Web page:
Good News for the Future of Preaching

And it worked. Beautifully.

Well, there was one troubling moment early on in one of the first preaching sessions. Conveners had been selected to keep all the sessions moving along, introducing the mentors and preachers, managing the clock, and so forth. Among the announcements they read before every preaching session was this one: "The Festival is one of the most ecumenical endeavors in American Christianity today. We believe this is God's gift to us. We encourage you to have eyes to see and ears to hear the remarkable diversity of these messengers of the Gospel and the message they bring to us."

But despite that goal and plea, one of the conveners—a local pastor—took it upon himself to "correct the theology" of a progressive young preacher, who had self-identified as gay, following his sermon. It was quite a devastating judgment. A couple of mentors in the audience stood up and took the convener to task because he was out of line, and a tense encounter followed. After a serious discussion between staff members, mentors, and the convener during the break, the latter chose to withdraw and another person volunteered to assume the role.

Later I told the preacher who caused the havoc, "This is what happens when prophets speak." Several other young preachers around him at the time said, "That's exactly what we've been telling him!"

But the sessions quickly returned to their harmonious diversity, and I heard many more young "prophets." For instance, right after that troubling experience, it was a rich blessing to sit in on a sermon by a 14-year-old white Presbyterian girl, which elicited numerous amens and other enthusiastic responses from her African-American brothers and sisters in the audience.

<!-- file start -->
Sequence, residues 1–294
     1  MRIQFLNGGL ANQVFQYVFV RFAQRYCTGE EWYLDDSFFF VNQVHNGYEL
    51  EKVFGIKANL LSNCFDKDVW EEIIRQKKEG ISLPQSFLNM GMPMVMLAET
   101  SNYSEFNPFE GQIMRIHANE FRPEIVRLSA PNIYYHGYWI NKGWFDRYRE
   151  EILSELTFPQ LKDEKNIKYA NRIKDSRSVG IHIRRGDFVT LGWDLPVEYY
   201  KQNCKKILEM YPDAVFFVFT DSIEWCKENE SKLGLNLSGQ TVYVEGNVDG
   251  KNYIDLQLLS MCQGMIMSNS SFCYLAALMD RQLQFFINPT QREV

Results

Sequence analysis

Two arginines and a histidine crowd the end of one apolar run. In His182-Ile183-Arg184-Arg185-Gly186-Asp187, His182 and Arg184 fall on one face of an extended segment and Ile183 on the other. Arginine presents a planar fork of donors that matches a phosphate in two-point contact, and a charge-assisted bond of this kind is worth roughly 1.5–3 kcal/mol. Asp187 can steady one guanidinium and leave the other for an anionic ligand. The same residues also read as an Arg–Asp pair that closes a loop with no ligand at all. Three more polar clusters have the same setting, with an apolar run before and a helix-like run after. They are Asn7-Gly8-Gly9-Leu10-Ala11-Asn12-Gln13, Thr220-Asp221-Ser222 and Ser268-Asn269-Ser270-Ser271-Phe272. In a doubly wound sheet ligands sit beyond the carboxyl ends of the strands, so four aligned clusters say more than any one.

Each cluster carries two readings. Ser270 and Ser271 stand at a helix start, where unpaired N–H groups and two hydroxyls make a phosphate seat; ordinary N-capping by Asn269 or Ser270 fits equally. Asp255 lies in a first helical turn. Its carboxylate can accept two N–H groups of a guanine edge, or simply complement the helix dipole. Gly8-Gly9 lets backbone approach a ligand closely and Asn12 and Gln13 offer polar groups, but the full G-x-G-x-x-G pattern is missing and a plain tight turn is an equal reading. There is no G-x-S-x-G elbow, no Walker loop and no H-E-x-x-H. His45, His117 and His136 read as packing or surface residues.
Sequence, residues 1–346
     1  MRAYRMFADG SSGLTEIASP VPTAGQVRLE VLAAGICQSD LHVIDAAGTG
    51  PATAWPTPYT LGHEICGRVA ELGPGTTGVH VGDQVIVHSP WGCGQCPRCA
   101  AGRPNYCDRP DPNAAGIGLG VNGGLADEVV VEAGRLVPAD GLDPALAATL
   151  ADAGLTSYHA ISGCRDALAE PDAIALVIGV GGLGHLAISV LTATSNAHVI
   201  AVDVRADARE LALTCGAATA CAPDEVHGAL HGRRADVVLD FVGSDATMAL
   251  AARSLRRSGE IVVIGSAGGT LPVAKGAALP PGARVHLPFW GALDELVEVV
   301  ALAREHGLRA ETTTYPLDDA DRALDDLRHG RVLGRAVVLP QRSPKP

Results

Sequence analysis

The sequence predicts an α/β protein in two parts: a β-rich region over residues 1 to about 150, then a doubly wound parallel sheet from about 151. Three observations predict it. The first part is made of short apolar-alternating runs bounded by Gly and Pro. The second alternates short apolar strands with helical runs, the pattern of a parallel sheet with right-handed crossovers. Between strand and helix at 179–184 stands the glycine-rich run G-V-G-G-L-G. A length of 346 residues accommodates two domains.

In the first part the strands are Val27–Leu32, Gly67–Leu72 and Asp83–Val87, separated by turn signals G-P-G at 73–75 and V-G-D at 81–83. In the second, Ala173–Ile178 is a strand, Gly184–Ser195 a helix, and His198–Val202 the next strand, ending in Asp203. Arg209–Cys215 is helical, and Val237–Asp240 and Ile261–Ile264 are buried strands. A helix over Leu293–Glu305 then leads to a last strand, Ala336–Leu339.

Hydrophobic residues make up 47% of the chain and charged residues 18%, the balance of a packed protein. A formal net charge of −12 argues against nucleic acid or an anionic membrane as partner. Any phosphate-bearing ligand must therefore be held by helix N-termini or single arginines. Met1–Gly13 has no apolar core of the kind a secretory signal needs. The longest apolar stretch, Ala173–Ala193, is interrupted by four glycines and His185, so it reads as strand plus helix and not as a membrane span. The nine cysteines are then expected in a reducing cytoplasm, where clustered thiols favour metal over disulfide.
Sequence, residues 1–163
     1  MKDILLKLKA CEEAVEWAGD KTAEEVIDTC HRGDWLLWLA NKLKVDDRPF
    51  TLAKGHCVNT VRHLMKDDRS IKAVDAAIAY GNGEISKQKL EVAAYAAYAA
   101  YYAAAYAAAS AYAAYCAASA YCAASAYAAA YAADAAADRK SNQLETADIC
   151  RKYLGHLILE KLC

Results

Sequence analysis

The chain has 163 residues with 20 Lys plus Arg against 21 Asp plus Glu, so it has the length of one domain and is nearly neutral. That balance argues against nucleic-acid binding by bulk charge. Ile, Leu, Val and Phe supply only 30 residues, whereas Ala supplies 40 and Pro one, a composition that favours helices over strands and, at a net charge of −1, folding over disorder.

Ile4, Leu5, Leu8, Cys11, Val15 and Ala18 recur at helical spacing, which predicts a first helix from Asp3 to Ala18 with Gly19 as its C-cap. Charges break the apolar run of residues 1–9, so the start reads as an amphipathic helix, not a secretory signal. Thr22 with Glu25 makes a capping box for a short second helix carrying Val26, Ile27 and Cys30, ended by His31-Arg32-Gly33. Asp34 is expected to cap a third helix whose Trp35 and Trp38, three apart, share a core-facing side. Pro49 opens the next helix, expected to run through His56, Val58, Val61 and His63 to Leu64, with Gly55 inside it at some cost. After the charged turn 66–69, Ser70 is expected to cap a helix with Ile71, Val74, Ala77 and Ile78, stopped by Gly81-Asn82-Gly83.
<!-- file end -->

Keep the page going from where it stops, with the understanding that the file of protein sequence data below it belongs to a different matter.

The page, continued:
As event leader Dwight Moody wrote in the program book, "The wide spectrum of Christian experience represented at this Festival means that all of us will hear things, see things, and feel things that will push us out of our comfort zones. Do not fear. Receive this celebration as a teachable moment."

The vast majority of those in attendance did just that. And that can give us all hope for the future.

Over these three days I sensed the Spirit of God at work powerfully in these young lives. I wish I could share their names, because you will be hearing from many of them in the years ahead. I'm sure many of them will be heard on "Day 1" one of these days! Perhaps not all of them will end up as preachers, but my guess is that they will all make an incredible impact on our society, for the glory of God and the common good.

1/19/2011 5:00:00 AM
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